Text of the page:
Mr Cameron was speaking a day ahead of the Autumn Statement, in which he said Chancellor George Osborne will set out "the next steps in a long-term plan to turn our country round".
The Prime Minister insisted that Britain must stick to the coalition Government's austerity plan to get rid of the deficit by 2018, and said that once that point has been reached he wants to go further and start paying off the debt accumulated over many years.
Mr Osborne set out the ambition to run a surplus after 2018 - by spending less than the Government takes in from tax and other revenues - in his speech to the Conservative annual conference, sparking suggestions that austerity would continue until 2020 at least under the Tories.
But Mr Cameron said today that paying down debts did not necessarily mean forswearing tax cuts.
"The two aren't alternatives," he told the BBC. "It is possible to reduce people's taxes as your economy recovers.
"Of course, we are going to be looking ahead to a time when, yes, if the economy continues to grow and, as it were, the sun continues to shine, we should be fixing the roof when the sun is shining, as the last government failed to do.
"That means not just getting rid of our debts in good years but trying to put some money aside.
That is what Britain should be trying to do."
Asked if he wanted the mini-budget to give voters a clear view of what the public finances would be like over the next five years if he remained in Downing Street, Mr Cameron said: "I do want to do that and I will do that and the Chancellor will do that in this Autumn Statement by saying we have a long-term plan.
"It has involved difficult decisions about spending, about getting our deficit down. But this long-term plan is paying off. We are on the right track, we should stick to that track, recovering our economy, getting jobs for our people and over time really fixing for the long term the mess we were left in the public finances.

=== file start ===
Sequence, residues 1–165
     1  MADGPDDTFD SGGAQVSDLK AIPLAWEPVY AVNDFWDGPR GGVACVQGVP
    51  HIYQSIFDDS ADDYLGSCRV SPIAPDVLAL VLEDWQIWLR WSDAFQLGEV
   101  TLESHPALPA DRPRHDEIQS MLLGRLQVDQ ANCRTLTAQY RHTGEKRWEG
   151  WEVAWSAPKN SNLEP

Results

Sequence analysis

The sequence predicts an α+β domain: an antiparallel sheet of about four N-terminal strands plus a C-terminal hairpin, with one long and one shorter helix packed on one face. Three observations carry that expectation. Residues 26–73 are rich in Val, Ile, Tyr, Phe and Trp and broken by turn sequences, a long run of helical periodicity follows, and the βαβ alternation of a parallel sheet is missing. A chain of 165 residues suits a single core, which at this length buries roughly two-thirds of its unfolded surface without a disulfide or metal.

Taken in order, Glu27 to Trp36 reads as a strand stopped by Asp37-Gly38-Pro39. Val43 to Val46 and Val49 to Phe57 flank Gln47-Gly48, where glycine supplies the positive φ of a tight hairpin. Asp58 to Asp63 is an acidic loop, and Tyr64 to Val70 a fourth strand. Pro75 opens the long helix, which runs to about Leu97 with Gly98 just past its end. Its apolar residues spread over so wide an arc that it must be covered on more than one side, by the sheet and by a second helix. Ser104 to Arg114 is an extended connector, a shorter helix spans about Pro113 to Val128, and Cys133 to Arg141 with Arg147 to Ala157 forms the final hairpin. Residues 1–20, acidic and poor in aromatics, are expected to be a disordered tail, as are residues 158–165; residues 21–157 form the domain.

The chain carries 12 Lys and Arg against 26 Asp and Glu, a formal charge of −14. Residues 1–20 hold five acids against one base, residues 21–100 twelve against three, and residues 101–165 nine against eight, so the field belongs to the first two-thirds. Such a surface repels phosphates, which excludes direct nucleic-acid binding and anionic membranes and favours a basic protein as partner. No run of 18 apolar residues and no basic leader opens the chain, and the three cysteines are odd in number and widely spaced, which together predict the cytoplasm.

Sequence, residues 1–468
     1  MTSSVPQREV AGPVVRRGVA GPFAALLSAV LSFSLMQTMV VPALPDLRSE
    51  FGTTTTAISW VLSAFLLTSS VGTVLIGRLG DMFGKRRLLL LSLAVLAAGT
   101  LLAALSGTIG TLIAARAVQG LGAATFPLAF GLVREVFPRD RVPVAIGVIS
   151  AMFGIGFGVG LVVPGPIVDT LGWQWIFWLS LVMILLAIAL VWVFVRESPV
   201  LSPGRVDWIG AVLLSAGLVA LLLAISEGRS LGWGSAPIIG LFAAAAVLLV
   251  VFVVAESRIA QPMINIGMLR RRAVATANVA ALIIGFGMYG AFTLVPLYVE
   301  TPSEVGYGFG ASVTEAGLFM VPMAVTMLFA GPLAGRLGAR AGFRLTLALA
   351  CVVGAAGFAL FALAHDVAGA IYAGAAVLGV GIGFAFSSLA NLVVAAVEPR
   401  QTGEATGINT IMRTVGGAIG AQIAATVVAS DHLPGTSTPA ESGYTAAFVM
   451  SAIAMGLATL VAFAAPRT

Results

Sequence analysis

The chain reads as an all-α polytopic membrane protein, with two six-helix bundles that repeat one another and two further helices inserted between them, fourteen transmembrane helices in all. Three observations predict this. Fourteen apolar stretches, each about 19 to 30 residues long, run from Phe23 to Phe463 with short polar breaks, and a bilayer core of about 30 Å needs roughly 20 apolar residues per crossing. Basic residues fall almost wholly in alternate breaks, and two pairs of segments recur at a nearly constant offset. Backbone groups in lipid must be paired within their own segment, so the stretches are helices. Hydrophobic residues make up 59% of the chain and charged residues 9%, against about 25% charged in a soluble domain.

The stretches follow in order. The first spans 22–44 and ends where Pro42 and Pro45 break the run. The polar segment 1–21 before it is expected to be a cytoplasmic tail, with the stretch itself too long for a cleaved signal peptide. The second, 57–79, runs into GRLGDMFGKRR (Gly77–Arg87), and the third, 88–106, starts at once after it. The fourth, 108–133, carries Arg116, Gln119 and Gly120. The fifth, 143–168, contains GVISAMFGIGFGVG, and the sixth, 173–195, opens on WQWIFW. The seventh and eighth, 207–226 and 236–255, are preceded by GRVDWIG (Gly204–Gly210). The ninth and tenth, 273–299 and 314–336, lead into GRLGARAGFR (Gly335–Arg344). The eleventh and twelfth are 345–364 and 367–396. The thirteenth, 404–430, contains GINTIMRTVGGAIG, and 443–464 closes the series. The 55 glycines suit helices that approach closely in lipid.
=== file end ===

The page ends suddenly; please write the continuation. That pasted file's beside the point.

"Be very clear, this Autumn Statement is about the next steps in a long-term plan to turn our country round."
Earlier, industry groups welcomed an expected freeze in business rates set to be announced by the Government, but said they still believe the system needs to be reformed.
Mr Osborne is expected to confirm tomorrow that rate rises will be limited to 2% instead of being linked to inflation, after strong lobbying from a number of organisations.
Business rates were set to rise by 3.2% next year, based on September's retail prices inflation rate.
John Longworth, director general of the British Chambers of Commerce, said: "It is heartening that the Chancellor appears to be listening to business, and is planning to limit the damage caused by relentless business rates increases.
"But a tax rise is still a tax rise. Although a cap on rates would spare businesses some £300 million in tax hikes, and reliefs help many of the smallest firms, companies of all sizes will still be paying hundreds of millions more in rates to the Exchequer next year than the £27 billion they are expected to pay in this year.
"The business rates system is still iniquitous, still broken, and still in need of fundamental reform.
"Businesses in Britain still pay far more in property taxes than their counterparts in countries like Germany and France - which undercuts the Government's stated aim of maximum tax competitiveness. A cap on rate rises is better than nothing, but not nearly good enough."
Steve Radley, director of policy at EEF, the manufacturers' organisation, said: "Action on business rates, which are a fixed cost regardless of trading conditions, will help ease the pressure on margins.
"But for industry, the top priority must be addressing energy costs that are racing ahead of its competitors abroad."
Mr Cameron has signalled he is planning further action to reward marriage through the tax system, on the eve of the expected introduction of an allowance for some married couples.
Mr Osborne is expected to use his Autumn Statement to announce details of a transferable tax allowance worth £200 a year to an estimated four million couples from 2015, at a cost of £700 million.
But the Prime Minister - who made recognising marriage in the tax system a central plank of his general election manifesto in 2010 - told reporters that he regards it only as "the start of something" and he wants to go further when he is able to.